Over the course of the next four (4) years, progress continued, and eventually the expanded plan was completed. Again trains were running and all was right with the world. However, a dark cloud hung on the horizon. There were two (2) areas on the line where the grade was overly steep, and several (read most) of the locomotives had issues. Management was in a quandry, trying to determine how best to resolve these issues, when "Open House" month came around. After viewing several double-decked plans while on the tour, Management was "bitten" and plans began in earnest to expand the line again, double the trackage, and fix the grade issues.

In mid 2008, "Work" reared its ugly head, and all work on the line ceased for the next three (3) years. During the "dark years" when the lights on the line were seldom lit, Management took the time to redesign the railroad. More towns were added as the trackage increased, and the grade was capped at 2.5%. Finally in 2011 the crew found some time to resume work. The original trackage was lowered by a foot, and the framework for the upper level was begun. Slowly over the course of the next several years, as time allowed, the trackage was expanded. Hopefully, soon, the new trackage will be complete and trains will once again run the full line.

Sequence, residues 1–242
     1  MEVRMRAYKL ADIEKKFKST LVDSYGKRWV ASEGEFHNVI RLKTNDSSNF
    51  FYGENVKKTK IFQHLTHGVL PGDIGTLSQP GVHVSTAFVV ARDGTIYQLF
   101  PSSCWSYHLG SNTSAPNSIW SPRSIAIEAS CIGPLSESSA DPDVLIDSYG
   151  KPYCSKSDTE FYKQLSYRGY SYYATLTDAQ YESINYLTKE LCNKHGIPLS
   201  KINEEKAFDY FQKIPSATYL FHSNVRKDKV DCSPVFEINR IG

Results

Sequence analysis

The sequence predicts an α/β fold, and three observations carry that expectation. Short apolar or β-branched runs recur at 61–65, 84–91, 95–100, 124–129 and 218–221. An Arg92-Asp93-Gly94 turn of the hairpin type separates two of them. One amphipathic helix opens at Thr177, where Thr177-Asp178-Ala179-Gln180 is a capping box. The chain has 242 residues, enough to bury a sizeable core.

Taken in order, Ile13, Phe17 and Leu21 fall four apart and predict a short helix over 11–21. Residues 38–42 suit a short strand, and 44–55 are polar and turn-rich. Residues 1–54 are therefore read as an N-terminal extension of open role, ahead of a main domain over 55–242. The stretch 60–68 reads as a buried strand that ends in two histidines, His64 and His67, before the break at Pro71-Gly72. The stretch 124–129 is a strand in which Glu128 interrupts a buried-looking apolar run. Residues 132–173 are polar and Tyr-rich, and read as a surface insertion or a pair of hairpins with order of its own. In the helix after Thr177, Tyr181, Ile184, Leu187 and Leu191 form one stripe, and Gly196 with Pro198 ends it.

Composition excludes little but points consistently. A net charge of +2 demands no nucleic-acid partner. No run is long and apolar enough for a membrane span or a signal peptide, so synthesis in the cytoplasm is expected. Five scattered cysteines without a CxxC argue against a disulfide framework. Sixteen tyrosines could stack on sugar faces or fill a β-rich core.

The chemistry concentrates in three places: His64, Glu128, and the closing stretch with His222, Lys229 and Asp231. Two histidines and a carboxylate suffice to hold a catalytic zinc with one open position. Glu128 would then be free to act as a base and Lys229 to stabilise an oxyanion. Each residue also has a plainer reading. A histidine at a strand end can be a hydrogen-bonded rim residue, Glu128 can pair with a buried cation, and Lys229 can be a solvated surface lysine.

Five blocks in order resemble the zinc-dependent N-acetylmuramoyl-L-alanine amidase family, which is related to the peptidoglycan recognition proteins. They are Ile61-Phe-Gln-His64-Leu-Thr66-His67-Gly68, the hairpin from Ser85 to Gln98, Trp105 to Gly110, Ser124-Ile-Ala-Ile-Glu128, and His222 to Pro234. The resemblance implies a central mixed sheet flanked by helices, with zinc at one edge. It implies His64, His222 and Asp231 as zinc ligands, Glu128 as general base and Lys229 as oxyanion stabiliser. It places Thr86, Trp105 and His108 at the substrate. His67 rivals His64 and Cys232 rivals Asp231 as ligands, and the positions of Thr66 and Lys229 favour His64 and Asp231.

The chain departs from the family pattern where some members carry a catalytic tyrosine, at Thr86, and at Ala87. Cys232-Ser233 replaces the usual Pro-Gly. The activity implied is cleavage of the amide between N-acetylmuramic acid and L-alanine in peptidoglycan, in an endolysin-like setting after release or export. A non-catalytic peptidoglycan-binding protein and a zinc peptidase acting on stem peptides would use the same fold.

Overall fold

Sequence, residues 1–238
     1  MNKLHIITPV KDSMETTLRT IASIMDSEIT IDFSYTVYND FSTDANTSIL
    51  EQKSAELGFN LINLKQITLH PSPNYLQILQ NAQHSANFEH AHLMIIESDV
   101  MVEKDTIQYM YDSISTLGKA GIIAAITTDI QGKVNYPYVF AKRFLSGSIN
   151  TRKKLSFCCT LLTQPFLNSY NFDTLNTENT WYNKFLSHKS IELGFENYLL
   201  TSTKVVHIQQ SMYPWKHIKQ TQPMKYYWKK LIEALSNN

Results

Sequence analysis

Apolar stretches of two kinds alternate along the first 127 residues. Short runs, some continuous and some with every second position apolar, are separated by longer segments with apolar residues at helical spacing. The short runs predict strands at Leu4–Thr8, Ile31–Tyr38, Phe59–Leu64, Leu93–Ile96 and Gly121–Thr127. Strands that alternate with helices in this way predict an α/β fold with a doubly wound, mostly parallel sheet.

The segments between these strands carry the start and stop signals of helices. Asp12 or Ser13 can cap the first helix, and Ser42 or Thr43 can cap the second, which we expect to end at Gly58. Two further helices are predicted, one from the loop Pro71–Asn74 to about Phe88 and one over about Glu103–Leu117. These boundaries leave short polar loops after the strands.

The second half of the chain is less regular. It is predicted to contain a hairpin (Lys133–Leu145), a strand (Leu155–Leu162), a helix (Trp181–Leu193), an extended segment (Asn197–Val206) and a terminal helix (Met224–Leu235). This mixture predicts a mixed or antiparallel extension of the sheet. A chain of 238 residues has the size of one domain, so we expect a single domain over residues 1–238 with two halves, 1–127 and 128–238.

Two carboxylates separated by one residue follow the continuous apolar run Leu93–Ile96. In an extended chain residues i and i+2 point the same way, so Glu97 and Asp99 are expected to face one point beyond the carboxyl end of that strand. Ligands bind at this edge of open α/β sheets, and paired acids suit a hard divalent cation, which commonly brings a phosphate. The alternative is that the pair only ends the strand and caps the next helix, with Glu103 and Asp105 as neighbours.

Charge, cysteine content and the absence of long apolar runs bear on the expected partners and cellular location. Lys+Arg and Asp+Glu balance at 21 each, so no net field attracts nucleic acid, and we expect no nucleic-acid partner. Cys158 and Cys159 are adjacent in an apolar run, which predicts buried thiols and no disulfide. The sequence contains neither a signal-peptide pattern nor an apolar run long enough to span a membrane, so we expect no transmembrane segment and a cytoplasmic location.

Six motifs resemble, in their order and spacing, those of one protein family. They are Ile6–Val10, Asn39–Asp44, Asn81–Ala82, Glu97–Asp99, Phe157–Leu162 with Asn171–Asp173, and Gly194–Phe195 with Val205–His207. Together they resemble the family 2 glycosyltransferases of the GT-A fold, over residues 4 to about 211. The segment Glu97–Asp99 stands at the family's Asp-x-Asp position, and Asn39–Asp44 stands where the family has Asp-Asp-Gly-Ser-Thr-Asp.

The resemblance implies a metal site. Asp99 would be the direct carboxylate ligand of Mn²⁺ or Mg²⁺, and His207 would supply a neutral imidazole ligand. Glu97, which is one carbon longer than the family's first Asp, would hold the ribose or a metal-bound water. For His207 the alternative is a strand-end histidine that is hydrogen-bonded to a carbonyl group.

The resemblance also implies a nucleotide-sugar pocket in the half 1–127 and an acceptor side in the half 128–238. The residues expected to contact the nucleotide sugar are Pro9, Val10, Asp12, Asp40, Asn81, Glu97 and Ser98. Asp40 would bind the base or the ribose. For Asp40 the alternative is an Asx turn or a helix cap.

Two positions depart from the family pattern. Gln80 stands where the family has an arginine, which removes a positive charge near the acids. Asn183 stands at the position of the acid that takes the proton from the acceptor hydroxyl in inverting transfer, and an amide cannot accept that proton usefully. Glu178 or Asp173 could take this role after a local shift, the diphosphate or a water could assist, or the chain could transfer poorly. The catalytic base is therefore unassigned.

A Fictional History of the Dusty Junction Railroad

Back in the late 1800's things were really looking good for the Santa Fe railroad. With rich deposits of gold, silver, coal and other ores being discovered in the regions of southern Colorado and northern New Mexico, the AT&SF decided to build a branch line that connected these now booming towns to its hubs in both Santa Fe and Denver. Thus in 1885 a line was run that connected Santa Fe to Driftwood to Jasper to Denver.

In 1891 a spur was run from Driftwood up to Muleshoe to add service to both the ore mine and the cattle ranches in the area.

In 1895 a spur was added from Jasper up to a recently discovered mining district.